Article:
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RRCA Creates Code of Ethics for Race Directors

Over the years, the sport of running has evolved into big business. In response, the Road Runners Club of America drafted a Race Director Code of Ethics at its annual meeting last month in Memphis.

Kelly “K2” Richards, a longtime local and national RRCA leader, said the organization has been working on the code for months, long before the Dec. 3 Hot Chocolate Run in the Washington, D.C. area and the Dec. 4 Las Vegas Rock ‘n’ Roll Marathon events.

“When followed, the code benefits and protects everyone,” she said. “It does not unfairly favor the race or the race director but rather protects each one.”

Added Jean Knaack, RRCA executive director in a recent press release: “The event business has grown dramatically in the last five years. The RRCA has adopted many policies that outline best practices for managing running clubs. The Race Director Code of Ethics is a policy that specifically speaks to a growing segment of our membership, event members.”

Richards sees following benefits to the code:

1. It establishes fair and reasonable criteria in simple, easy to understand language that is universally applicable rather than having no guidelines where things can become personal, emotional and gray.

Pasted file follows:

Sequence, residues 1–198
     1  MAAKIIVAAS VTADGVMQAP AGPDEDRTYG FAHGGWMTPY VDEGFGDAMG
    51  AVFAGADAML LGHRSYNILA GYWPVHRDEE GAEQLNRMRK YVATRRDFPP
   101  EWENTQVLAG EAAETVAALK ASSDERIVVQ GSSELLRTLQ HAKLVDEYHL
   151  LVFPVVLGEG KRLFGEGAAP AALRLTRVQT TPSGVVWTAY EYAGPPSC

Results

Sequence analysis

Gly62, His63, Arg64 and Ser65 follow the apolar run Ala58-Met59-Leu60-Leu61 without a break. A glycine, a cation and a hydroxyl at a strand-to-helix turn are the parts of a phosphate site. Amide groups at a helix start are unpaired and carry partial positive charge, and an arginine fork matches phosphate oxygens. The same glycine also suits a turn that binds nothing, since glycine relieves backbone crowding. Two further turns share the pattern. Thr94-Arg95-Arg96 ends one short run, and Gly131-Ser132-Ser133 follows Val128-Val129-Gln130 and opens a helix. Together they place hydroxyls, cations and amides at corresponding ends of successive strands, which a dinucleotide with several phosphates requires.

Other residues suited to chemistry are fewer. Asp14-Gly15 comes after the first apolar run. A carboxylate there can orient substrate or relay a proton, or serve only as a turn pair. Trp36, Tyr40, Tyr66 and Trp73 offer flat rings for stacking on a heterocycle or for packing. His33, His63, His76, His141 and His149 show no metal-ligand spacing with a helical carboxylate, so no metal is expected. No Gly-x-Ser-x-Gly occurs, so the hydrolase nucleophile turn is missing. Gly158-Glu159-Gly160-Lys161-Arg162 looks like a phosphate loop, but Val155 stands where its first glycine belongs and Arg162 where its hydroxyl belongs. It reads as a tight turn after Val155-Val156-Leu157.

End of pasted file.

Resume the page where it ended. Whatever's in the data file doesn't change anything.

2. The safety of participants, volunteers and spectators is paramount.

3. The Race Director is given guidance on financial record-keeping and expectations, which might help avoid sloppy habits that can appear to be “shady” record-keeping.

4. It provides an opportunity for potential race participants to inquire about how an organization conducts its races. A year or two ago, I don’t think most racers would have thought of this, but after Hot Chocolate, Rock ‘n’ Roll Las Vegas and other races locally and across the country where questionable practices and misleading statements regarding charitable affiliations have taken place, race participants are asking these types of questions.

Credit to Debbie Fetterman, contributor who covers the area’s running and triathlon scenes for The Dallas Morning News.

Read the RRCA Race Director Code of Ethics.

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